Arthritis and the flu
Being vaccinated for influenza and taking other preventive measures are particularly important if you have any type of inflammatory arthritis. Your condition and the medicines you take for it intensify the threat flu poses to your health.
Everyone should take steps to protect themselves from influenza, or the flu. But if you have any type of inflammatory arthritis, such as rheumatoid arthritis or lupus, you need to be especially proactive.
Both arthritis and certain medications you may take for the disease can weaken your immune system, according to the Centers for Disease Control and Prevention (CDC). As a result, if you get the flu, it may cause more severe illness in you than in others. Flu-related complications, such as pneumonia, are also more likely since your body may have a hard time fighting off infections.
Fortunately, there are a number of simple things you can do to protect yourself. No. 1 on that list is to get a flu vaccine every year as soon as it's available. CDC calls being vaccinated the “most important step in protecting against flu viruses” and now recommends that virtually all people age 6 months and older get this protection.
One thing to note: If you have inflammatory arthritis, it's important that you get your vaccine by needle rather than nasal spray. The injectable vaccine contains an inactive virus that doesn't pose a threat to your immune system like the live, weakened virus found in the spray vaccine.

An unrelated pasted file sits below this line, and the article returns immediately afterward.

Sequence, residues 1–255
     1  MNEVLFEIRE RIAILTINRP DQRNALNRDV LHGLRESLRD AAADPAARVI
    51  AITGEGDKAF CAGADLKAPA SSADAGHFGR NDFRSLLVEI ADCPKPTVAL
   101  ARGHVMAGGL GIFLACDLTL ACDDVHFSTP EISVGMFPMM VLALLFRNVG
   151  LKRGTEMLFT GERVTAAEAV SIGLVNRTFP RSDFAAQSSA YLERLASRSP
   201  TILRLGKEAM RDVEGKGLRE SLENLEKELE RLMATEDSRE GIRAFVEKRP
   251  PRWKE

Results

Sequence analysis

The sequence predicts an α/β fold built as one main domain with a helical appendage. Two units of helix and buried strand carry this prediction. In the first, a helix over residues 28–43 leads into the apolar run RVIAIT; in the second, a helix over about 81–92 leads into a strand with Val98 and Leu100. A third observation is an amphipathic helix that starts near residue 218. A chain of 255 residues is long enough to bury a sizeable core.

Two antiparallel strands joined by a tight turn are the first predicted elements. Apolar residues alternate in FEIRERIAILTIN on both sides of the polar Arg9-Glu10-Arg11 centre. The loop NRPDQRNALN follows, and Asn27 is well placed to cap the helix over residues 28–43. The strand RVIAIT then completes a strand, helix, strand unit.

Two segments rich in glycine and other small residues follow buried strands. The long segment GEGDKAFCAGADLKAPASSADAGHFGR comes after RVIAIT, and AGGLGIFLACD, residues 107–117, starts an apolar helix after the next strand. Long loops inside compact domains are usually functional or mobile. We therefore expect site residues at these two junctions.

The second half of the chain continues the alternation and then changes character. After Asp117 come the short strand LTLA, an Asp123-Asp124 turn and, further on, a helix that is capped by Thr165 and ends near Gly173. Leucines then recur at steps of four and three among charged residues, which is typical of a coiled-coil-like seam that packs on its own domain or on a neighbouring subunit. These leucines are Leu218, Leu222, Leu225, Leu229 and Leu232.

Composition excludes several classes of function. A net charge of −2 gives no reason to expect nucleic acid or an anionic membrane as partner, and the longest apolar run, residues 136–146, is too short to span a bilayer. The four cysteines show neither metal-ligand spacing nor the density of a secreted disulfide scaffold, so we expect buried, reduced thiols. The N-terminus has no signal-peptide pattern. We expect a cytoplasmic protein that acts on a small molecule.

People generally tolerate the vaccines well. It's possible that you'll experience brief autoimmune flare-ups, with problems such as fever and muscle aches. But if these occur, they are usually fairly mild, according to the Lupus Foundation of America.
Talk to your doctor before getting a vaccine if you are allergic to chicken eggs, have had a serious reaction to a past flu shot, have a history of Guillain-Barré syndrome or have a moderate to severe illness with a fever.
In addition to being vaccinated, there are other steps you can take that may help protect you—and those around you—during flu season. CDC and other groups offer these suggestions:
- Wash your hands often with soap and water. Alcohol-based hand sanitizers may be an alternative when soap and water aren’t available.
- Avoid touching your eyes, nose and mouth. This helps prevent germs from entering your body.
- Try to avoid close contact with people who are ill. And stay home from work or school if you are sick.
- Cough and sneeze into the crook of your arm or a tissue. If you use a tissue, discard it right away.
If the flu bug bites
If, despite your efforts at prevention, you think you might have contracted the flu, let your doctor know as soon as possible. Symptoms can include:
- Sore throat.
- Runny or stuffy nose.
- Body aches.
Your doctor may prescribe antiviral medication. It can shorten the duration and severity of your illness. But to be most effective, it must be given within the first two days of the start of symptoms.
For more information on preventing and treating the flu, visit the Flu health topic center.